Session TOB. There are 5 abstracts in this session.

Session: Quantitative in vivo MRS/MRI, time: 10:45-11:10
Phase Rotation STEAM Spectroscopy: In Vivo Application to Schizophrenia
S. Andrea Wijtenburg
University of Maryland School of Medicine, Baltimore, MD
Phase rotation STEAM (PR-STEAM) uses a specialized type of RF phase cycling and standard RF pulses to achieve very short echo times. Since it does not require specialized hardware or software, it can easily be used on a clinical MR system. PR-STEAM has been shown to reliably detect glutamate, glutamine, and glutathione in healthy adults and in adults with schizophrenia. In schizophrenia, the technique has been used primarily to study glutamate changes with aging as well as whether glutamatergic metabolites are related to cerebral blood flow, visual plasticity response, cognition, and clinical symptoms.

Session: Quantitative in vivo MRS/MRI, time: 11:10-11:35
Quantitative Hyperpolarized 13C NMR Studies of Cancer Models
Renuka Sriram; Jinny Sun; Jeremy Bancroft Brown; Hsin-Yu Chen; David Korenchan; Peder Larson; Robert Bok; Mark VanCriekinge; Daniel Vigneron; John Kurhanewicz
University of California, San Francisco, San Francisco, CA
Increasing evidence points to cancer being a disease strongly linked to abnormal metabolism and changes in the tumor microenvironment. This lecture will focus on quantitative NMR metabolic studies and pre-clinical models necessary to test the utility of new HP 13C probes of metabolism and for understanding the mechanistic underpinnings for the observed metabolic changes. Specifically, approaches using 1- and 2-D high-resolution magic angle (HR-MAS) spectroscopy of snap frozen tissues, 1-D and 2-D (1H-1H TOCSY and 1H-13C HSQC) 13C substrate-labeling studies of living tissues, and MR compatible 3D cell and tissue culture perfusion system (bioreactor) and murine model studies will be described. HP 13C MR probe applications will be demonstrated in the setting of prostate cancer progression and response to therapy.

Session: Quantitative in vivo MRS/MRI, time: 11:35-12:00
MR imaging and spectroscopy of lipid metabolism
Chris Boesch
University of Bern, AMSM, Bern, Switzerland

Lipid metabolism of the human body has contradictory facets, reaching from pandemic diseases to the basic necessity for well-being. In recent years, MR imaging and spectroscopy became increasingly important tools in clinical and preclinical studies of lipid metabolism. In contrast to acute or life-threatening diseases, derailed lipid metabolism is often hidden or apparently harmless (yet with dramatic cardiovascular consequences). While radiation or invasive methods are accepted for dramatic situations, clinical studies of lipid metabolism, in particular with healthy volunteers, benefit increasingly from the non-invasive and safe nature of MR examination. Not less important, MR imaging and MR spectroscopy can yield a wealth of highly relevant information.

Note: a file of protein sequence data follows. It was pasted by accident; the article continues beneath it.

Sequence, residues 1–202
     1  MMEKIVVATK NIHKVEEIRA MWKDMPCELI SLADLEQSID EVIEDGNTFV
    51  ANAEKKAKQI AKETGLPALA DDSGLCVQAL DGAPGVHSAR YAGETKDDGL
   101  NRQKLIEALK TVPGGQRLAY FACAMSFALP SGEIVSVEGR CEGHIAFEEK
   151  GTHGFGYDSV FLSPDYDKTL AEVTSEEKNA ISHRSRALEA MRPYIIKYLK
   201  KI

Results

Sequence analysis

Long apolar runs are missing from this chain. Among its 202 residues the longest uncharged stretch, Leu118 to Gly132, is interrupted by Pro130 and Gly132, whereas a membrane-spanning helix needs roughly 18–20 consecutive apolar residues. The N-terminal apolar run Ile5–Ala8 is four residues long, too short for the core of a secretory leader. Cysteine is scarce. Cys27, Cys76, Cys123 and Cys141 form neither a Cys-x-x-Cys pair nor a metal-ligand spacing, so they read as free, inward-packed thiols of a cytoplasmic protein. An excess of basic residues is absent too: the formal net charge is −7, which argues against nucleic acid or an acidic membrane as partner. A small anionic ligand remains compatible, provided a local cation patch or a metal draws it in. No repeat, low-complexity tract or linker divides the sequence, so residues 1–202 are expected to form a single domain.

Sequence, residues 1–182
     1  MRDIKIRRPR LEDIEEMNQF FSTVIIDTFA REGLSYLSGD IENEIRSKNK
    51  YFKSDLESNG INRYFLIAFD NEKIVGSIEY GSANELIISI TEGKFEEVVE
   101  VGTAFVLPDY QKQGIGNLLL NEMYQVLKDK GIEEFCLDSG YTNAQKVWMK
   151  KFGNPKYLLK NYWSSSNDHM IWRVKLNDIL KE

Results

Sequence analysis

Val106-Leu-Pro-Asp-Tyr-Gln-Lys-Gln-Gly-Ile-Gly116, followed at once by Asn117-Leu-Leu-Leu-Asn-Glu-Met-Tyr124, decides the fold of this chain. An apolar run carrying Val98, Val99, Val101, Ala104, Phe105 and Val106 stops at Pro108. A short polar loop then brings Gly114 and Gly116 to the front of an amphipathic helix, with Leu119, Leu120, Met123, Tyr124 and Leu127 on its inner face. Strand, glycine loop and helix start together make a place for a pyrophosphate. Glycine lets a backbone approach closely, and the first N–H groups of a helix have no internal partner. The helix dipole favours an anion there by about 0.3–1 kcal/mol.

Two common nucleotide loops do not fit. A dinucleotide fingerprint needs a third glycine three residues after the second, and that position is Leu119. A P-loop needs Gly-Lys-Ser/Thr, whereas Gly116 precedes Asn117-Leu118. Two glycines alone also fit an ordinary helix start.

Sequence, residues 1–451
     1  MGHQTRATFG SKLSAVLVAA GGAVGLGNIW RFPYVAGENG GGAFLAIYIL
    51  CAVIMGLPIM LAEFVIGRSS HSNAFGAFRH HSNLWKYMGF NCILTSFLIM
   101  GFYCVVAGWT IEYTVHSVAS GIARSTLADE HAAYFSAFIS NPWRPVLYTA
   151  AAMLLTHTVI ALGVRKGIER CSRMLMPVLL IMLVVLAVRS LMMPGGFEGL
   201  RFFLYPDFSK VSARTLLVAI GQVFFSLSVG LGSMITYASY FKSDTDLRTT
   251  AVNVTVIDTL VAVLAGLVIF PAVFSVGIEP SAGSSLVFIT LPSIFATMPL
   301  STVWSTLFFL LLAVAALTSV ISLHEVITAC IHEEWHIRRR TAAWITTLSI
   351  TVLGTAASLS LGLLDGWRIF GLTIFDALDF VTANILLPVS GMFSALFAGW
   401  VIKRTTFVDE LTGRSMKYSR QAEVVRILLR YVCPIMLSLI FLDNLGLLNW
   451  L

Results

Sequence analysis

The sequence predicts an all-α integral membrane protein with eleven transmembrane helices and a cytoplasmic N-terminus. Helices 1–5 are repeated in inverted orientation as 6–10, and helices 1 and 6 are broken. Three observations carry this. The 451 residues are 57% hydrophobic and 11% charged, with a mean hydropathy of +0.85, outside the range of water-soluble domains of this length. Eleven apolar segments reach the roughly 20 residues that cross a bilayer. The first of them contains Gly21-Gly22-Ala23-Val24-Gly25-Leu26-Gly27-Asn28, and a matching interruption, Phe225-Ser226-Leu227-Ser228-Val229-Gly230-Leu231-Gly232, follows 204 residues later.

Session: Quantitative in vivo MRS/MRI, time: 12:00-12:15
Language-dependent shift in neurochemical asymmetry observed by in vivo proton MRS during vocal meditation
Rama Jayasundar
Department of NMR, AIIMS, New Delhi, New Delhi, India
This study using in-vivo proton MRS in normal volunteers demonstrates language-dependent changes in neurochemical asymmetry during vocal meditation (VM), which involved repetitive utterance (108 times) of specific phrases (either in English or in Sanskrit) every morning during the active study period. Both the volunteer groups [VMS (n=5; S-sanskrit) and VME (n=5; E-English translation of the phrases)] were evaluated for VMS and VME, with a time gap of nine months. Each routine lasted for 36 weeks with three blocks (baseline, active, follow-up) of 12 weeks each. Proton spectra were acquired every week for the entire study period. Left/right asymmetry index was calculated for metabolite ratios, Naa/Cr and Naa/Cho. Reduction in asymmetry indices were observed in VMS but not the VME group.

Session: Quantitative in vivo MRS/MRI, time: 12:15-12:30
Accelerated Localized Correlated Spectroscopy with Compressed Sensing Reconstruction Using Total Variation, Group Sparsity, and Joint Hankel Low-Rank Regularization 
Andres Saucedo; Manoj K. Sarma; M. Albert Thomas
UCLA Department of Radiological Sciences, Los Angeles, CA
Compressed sensing (CS) combined with non-uniform under-sampling can significantly reduce the acquisition time of 2D magnetic resonance spectroscopy (MRS). Recently, a low-rank Hankel matrix completion method which improves upon conventional CS reconstruction has been proposed for accelerated 2D MRS. This technique relies on reconstructing the vector of all indirect t1 points separately for each F2 point. We introduce a CS-based method that implements joint Hankel low-rank (JHLR) regularization, which enforces the low-rankness of all Hankel matrices formed from the entire F2-t1 data simultaneously. We compared this method with group sparsity- (GS) and total variation- (TV) based CS reconstruction of prospectively under-sampled localized correlated spectroscopy (COSY) data in a brain phantom.